Presence in Mobile VoIP Networks
Leveraging Hidden Network Assets to Add Value to Operator Service Offerings
BY ALEX SCHNEYDERMAN
Addressing PTT Limitations with Presence
Push-to-Talk service allows users to communicate with their mobile phones in the manner similar to walkie-talkie radios. This application is one of the today’s most promising new services (usually based on VoIP technology) in cellular telephony. The majority of the PTT systems today do not come with presence functionality, which negatively affects the user experience.
For example, the client presence can enhance PTT directly by allowing the user to make call decisions based on presence information presented in the form of availability icons in the PTT client (similar to desktop instant messengers), thus enabling “opportunistic Push-to-Talk.” (In opportunistic communications called-party availability is known prior to calling, reducing user hesitation.) Presence makes opportunistic calling much more likely, since subscribers will be more inclined to make calls if their contacts are shown as available in their presence-enabled Push-to-Talk address book. The network presence can bring even more value to PTT service by allowing the PTT Server to expedite decisions not to complete calls to users who are found not to be available, thus avoiding uncompleted or failed calls.
One of the most recognized problems in current VoIP-based PTT systems is the appreciable delay (a few seconds) due to the “wake-up” of CDMA radios on both the originator’s and recipient’s mobile devices during the initial call setup. In order to reduce this delay, the caller’s device and the PTT servers can allow the caller to begin speaking before the terminating mobile is contacted. The PTT infrastructure buffers the data, and delivers it to the terminating mobile after the terminating mobile device goes through the dormant-to-active transition. Unfortunately, when the terminating mobile is on a voice call or otherwise unreachable (and its presence has not been properly reported to the PTT server), the originator receives a “not available” tone several seconds after they begin speaking. This severely degrades the PTT user experience.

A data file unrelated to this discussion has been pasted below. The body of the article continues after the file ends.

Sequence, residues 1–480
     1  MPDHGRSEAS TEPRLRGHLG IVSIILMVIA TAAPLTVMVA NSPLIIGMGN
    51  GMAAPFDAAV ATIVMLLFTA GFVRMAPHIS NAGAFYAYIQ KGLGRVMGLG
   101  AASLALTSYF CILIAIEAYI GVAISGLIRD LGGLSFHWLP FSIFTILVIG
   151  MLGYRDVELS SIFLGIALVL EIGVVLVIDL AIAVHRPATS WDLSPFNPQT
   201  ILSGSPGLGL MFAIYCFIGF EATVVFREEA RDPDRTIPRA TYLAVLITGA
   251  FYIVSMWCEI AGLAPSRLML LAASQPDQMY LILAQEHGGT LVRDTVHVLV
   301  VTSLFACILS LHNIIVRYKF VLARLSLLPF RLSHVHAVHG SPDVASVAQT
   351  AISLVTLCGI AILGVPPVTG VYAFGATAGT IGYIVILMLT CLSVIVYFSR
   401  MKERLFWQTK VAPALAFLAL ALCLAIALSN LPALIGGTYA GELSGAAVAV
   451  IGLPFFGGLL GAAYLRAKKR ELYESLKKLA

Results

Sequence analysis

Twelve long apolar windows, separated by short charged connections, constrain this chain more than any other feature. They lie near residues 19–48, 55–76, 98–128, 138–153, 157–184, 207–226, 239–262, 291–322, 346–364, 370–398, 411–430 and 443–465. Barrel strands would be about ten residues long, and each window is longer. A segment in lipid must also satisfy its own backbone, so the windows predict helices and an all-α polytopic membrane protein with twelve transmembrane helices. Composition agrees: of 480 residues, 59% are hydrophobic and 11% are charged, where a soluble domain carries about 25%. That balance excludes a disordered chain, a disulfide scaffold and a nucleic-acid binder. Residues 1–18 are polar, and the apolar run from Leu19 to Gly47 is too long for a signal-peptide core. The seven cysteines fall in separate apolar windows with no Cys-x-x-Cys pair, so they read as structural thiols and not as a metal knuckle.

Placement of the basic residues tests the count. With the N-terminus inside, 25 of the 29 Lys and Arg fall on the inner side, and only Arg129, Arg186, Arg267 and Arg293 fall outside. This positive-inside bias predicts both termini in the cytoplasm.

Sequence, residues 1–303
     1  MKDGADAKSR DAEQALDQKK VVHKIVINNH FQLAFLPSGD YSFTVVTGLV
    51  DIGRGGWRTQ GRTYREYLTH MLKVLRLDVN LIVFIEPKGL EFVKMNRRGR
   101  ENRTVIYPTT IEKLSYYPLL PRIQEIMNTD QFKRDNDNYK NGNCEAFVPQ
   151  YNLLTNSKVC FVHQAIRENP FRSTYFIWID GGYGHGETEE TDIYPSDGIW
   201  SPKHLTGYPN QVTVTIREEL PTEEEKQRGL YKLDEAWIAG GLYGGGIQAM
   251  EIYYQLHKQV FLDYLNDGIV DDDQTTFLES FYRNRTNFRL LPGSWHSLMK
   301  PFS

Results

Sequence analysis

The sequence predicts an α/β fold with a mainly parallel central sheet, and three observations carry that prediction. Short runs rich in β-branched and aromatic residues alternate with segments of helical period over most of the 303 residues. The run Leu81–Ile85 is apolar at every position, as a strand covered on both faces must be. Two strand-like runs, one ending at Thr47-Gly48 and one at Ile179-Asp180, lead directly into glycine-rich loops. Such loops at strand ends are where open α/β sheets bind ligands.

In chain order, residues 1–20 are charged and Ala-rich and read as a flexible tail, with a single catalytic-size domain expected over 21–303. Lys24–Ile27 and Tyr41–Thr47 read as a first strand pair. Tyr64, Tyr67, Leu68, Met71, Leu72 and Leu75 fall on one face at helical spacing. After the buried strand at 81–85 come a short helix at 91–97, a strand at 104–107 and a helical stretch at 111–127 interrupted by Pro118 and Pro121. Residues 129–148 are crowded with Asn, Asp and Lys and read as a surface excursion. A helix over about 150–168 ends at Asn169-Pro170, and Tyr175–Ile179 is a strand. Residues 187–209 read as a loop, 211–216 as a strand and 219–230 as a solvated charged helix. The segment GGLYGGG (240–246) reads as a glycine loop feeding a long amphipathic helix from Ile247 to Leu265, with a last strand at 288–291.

The PoC standards groups attempted to address this problem with Unconfirmed Indication functionality (defined in Open Mobile Alliance (OMA) document “Push-to-Talk over Cellular (PoC) — Architecture V 1.0 draft) in which the PoC server confirms readiness to receive media before it has received confirmation from downstream elements. This solution, however, is error-prone (for instance: the caller receives a confirmation tone before the network has received positive confirmation of the receiver’s reachability). This limitation of Unconfirmed Indication can be easily addressed by network presence detection, which eliminates the error from unconfirmed indication by making real-time accurate network presence information available to PTT infrastructure. Based on this information the unconfirmed indication is offered only when it has a high probability of success allowing to significantly reduce or completely eliminate error rates.
The Presence platform must be able to discover the following information about the subscriber to create an accurate and comprehensive view of a subscriber availability to be useful for PTT service:
- Is the Mobile Station (MS) active and reachable from a cellular network perspective (detected through SS7 presence by obtaining the MS status from the Home Location Registry)?
- Does the MS have an active registration to the PTT service (detected through PTT Location server interrogation)?
- Is the MS engaged in a circuit voice call (in other words in Busy state — detected through SS7 by interrogating or triggering HLR)?
- Does the MS have an active PPP session that supports PTT service (detected through AAA server query)?